One of the most common knee injuries among athletes is a torn ACL. The anterior cruciate ligament is one of four major ligaments that provide stability to the knee joint. The fibrous bands attach bone to bone and help to limit excessive movement of the knee joint, preventing hyperextension.
ACL injuries tend to be common in sports that involve a sudden change in direction, such as soccer, football, and basketball. A sudden twisting motion, like when an athlete’s foot is planted in one direction and their knee turns the other direction, is a common cause of an ACL tear.
The majority of ACL repairs that occur each year are performed on athletes under the age of 25. To help circumvent this issue, we have several suggestions to keep athletes on the field this fall by reducing their risk of ACL injuries:
- Athletes should stretch and warm up prior to any conditioning, practice, or game.
- Exercises that involve balance, plyometrics, and agility help strengthen the muscles surrounding the knee, making the ACL and other ligaments less likely to tear because the muscles surrounding the knee are stronger.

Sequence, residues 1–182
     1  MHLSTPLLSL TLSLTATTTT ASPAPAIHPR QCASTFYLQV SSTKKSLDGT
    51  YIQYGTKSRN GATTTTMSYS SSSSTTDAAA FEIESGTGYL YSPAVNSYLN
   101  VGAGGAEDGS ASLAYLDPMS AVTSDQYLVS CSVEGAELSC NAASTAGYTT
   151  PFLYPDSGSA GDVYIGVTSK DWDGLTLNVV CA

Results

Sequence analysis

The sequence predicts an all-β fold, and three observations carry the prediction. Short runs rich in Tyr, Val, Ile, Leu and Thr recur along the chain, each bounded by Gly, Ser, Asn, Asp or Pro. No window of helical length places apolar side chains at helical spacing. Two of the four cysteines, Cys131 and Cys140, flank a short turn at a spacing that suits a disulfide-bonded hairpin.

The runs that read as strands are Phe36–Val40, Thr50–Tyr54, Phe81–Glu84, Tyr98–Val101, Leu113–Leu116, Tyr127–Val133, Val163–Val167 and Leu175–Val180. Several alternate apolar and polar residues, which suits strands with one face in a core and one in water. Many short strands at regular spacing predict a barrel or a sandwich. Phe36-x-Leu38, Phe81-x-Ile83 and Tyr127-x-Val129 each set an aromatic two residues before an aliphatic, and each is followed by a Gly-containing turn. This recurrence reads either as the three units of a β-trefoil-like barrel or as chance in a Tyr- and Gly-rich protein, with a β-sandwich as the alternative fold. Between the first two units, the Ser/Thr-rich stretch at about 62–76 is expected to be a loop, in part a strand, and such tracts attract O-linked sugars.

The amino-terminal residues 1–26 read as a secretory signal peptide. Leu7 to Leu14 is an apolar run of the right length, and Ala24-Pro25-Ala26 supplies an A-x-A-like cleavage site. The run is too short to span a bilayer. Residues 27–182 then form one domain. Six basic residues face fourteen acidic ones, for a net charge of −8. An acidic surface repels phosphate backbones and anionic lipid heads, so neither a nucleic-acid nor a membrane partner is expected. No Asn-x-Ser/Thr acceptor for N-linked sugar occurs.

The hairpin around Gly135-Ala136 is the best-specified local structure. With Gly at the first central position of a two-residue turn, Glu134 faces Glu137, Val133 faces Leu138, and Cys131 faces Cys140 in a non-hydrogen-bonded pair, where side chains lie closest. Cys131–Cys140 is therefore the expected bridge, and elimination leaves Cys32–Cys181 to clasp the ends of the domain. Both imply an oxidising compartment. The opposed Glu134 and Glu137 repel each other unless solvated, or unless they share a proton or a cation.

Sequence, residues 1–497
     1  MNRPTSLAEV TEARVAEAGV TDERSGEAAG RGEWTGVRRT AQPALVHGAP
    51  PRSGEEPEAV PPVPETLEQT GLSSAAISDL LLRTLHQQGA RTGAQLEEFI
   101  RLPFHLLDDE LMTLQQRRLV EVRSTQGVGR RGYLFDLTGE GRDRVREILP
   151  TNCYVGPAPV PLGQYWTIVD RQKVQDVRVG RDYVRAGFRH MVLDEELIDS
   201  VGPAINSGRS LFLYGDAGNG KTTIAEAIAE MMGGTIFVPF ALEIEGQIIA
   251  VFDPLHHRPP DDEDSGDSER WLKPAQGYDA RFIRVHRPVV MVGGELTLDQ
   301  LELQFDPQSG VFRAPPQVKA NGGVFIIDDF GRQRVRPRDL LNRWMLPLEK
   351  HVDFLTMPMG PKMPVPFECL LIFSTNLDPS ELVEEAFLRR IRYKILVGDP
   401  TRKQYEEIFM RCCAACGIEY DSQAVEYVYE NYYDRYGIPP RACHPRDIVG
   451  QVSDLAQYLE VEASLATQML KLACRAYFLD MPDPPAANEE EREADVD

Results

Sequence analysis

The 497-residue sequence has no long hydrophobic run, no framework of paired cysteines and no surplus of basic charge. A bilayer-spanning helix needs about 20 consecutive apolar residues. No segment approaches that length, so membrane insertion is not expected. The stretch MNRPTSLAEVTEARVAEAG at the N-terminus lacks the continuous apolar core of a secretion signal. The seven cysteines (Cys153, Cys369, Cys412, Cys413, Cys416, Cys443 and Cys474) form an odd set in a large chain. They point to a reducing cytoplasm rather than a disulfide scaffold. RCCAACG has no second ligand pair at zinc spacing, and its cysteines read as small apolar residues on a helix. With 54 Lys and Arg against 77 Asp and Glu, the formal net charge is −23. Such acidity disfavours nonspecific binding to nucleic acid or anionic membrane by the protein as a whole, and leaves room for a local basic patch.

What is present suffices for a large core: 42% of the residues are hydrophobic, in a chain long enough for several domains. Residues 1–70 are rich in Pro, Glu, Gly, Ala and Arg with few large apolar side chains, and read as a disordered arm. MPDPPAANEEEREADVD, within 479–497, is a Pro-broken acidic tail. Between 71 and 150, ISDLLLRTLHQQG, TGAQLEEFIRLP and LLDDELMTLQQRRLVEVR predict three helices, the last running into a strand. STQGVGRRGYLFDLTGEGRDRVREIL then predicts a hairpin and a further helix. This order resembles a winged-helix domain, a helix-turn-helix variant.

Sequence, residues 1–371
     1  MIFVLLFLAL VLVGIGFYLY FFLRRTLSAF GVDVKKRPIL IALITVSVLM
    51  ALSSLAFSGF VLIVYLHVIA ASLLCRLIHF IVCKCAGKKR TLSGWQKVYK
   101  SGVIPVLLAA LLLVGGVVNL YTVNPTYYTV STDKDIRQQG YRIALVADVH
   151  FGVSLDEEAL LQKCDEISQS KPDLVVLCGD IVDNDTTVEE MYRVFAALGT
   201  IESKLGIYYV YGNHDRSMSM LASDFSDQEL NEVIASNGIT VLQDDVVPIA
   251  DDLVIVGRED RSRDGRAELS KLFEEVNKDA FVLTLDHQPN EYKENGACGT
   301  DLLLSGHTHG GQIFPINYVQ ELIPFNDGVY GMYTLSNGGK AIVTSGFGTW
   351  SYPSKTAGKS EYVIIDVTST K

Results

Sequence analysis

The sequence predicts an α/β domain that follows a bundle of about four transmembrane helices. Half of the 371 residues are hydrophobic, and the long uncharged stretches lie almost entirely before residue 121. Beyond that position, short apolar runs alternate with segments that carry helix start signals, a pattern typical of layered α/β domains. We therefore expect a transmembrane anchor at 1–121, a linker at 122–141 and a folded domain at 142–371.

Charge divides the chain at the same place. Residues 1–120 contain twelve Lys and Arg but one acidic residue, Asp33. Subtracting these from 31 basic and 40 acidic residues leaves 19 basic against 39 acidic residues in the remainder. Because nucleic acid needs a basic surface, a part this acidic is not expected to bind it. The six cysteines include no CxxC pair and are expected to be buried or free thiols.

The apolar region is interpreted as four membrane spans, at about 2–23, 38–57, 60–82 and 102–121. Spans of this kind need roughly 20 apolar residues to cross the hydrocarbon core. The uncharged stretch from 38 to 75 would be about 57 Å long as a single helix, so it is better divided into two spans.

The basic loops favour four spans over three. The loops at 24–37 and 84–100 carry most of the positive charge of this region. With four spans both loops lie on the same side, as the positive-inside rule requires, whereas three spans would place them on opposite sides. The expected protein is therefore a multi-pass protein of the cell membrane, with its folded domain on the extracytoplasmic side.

- Using proper techniques in any training or exercise, including jumping and landing, decreases the likelihood of an ACL injury in practice or during competition.
- Adequate rest is essential to staying healthy and agile to perform at higher levels with fewer safety risks.
Designed to optimize the performance, safety, and health of an athlete, the Flagstaff Sports Institute offers education, services, and programs, such as the ACL Injury Prevention and Performance Enhancement Program, to help prevent sports injuries and improve athletic performance.